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December 10, 2021

McDonald’s launches first net-zero carbon branch in the UK

The company intends to reach net-zero emissions at all 1,400 of its restaurants by 2030.

Fast-food restaurant chain McDonald’s has unveiled its net-zero carbon restaurant in Market Drayton, England, which will serve as a blueprint for other sites.

In what is claimed to be an industry first, this restaurant has ensured net-zero emissions during the construction phase and will continue to maintain the same standard in its day-to-day operations.

It will use renewable energy from two wind turbines and 92 square metres of solar panels, thereby cutting down the amount of energy it sources from the grid.

Furthermore, the restaurant used British sheep wool for insulation instead of man-made materials, while the building cladding is made from recycled white household goods, such as washing machines, and IT equipment.

The restaurant’s drive-thru lane has been created using recycled tyres, as this material enables lower carbon emissions and more water absorption, which lowers the amount of rainwater that goes down the drain.

Wall signs at the restaurant are made from used coffee beans, and the kerbstones are made of recycled plastic bottles.

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The restaurant also features a biodiversity garden and nature trail designed by schoolchildren from Market Drayton Junior School.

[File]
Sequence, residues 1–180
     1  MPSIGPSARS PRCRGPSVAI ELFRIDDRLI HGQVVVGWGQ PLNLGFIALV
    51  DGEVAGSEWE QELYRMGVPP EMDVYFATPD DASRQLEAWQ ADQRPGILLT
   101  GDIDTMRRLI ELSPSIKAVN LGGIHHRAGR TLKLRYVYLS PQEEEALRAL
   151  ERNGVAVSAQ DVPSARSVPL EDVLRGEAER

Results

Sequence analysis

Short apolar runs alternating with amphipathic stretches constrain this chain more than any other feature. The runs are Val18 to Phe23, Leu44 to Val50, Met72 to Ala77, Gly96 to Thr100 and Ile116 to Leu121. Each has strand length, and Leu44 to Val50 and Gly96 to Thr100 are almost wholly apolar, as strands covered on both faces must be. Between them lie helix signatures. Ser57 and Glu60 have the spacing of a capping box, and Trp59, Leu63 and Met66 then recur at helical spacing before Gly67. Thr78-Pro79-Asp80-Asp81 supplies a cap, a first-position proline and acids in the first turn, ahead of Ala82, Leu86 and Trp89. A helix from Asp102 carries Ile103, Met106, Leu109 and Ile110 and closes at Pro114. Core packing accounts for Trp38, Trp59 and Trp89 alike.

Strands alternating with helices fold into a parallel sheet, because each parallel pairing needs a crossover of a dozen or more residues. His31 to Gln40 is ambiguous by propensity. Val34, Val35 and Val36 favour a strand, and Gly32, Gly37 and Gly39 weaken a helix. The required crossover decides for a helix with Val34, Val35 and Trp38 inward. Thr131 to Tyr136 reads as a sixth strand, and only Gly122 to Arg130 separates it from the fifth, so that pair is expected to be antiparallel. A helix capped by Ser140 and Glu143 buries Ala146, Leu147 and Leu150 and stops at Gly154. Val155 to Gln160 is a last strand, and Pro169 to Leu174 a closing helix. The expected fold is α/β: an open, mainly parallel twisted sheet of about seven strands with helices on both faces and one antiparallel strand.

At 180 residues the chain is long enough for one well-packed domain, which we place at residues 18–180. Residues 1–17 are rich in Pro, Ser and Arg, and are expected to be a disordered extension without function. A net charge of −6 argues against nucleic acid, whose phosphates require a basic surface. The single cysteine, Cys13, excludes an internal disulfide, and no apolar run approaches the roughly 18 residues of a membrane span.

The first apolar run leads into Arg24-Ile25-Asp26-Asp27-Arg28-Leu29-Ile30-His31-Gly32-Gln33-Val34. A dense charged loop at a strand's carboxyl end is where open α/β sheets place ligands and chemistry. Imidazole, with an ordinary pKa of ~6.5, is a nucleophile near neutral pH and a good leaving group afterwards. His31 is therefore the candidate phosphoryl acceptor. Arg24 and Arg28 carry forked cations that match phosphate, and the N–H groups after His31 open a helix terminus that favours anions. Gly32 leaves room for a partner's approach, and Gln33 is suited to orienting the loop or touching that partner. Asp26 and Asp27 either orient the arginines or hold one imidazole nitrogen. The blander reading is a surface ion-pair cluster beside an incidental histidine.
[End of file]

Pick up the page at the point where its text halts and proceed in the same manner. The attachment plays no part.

The garden has been designed to collect rainwater from the car park area and will offer a habitat for frogs and other creatures.

McDonald’s supply chain and brand trust vice-president Beth Hart said: “At McDonald’s, we believe that our food needs to be served in restaurants that are sustainable for the future.

“Market Drayton is a big step towards making that a reality, enabling us to test and put into practice what a net-zero emissions building, both in build and use, really looks like.

“We’ve already started to roll out some of these innovations to other restaurants, but what is exciting about Market Drayton is the fact it will act as a blueprint for our future newbuilds.”

McDonald’s intends to reach net-zero emissions at all 1,400 of its restaurants, as well as its offices, by 2030.

In August, McDonald’s UK temporarily stopped serving milkshakes and some other bottled drinks owing to supply issues.

In another development, the European Commission reportedly came up with draft rules that are expected to benefit drivers working for online companies including Uber and Deliveroo.

According to Reuters, the new rules would benefit more than four million gig economy workers, as they would become eligible to receive minimum wage, paid leave and pensions.

However, some companies said that the rules could result in lay-offs.

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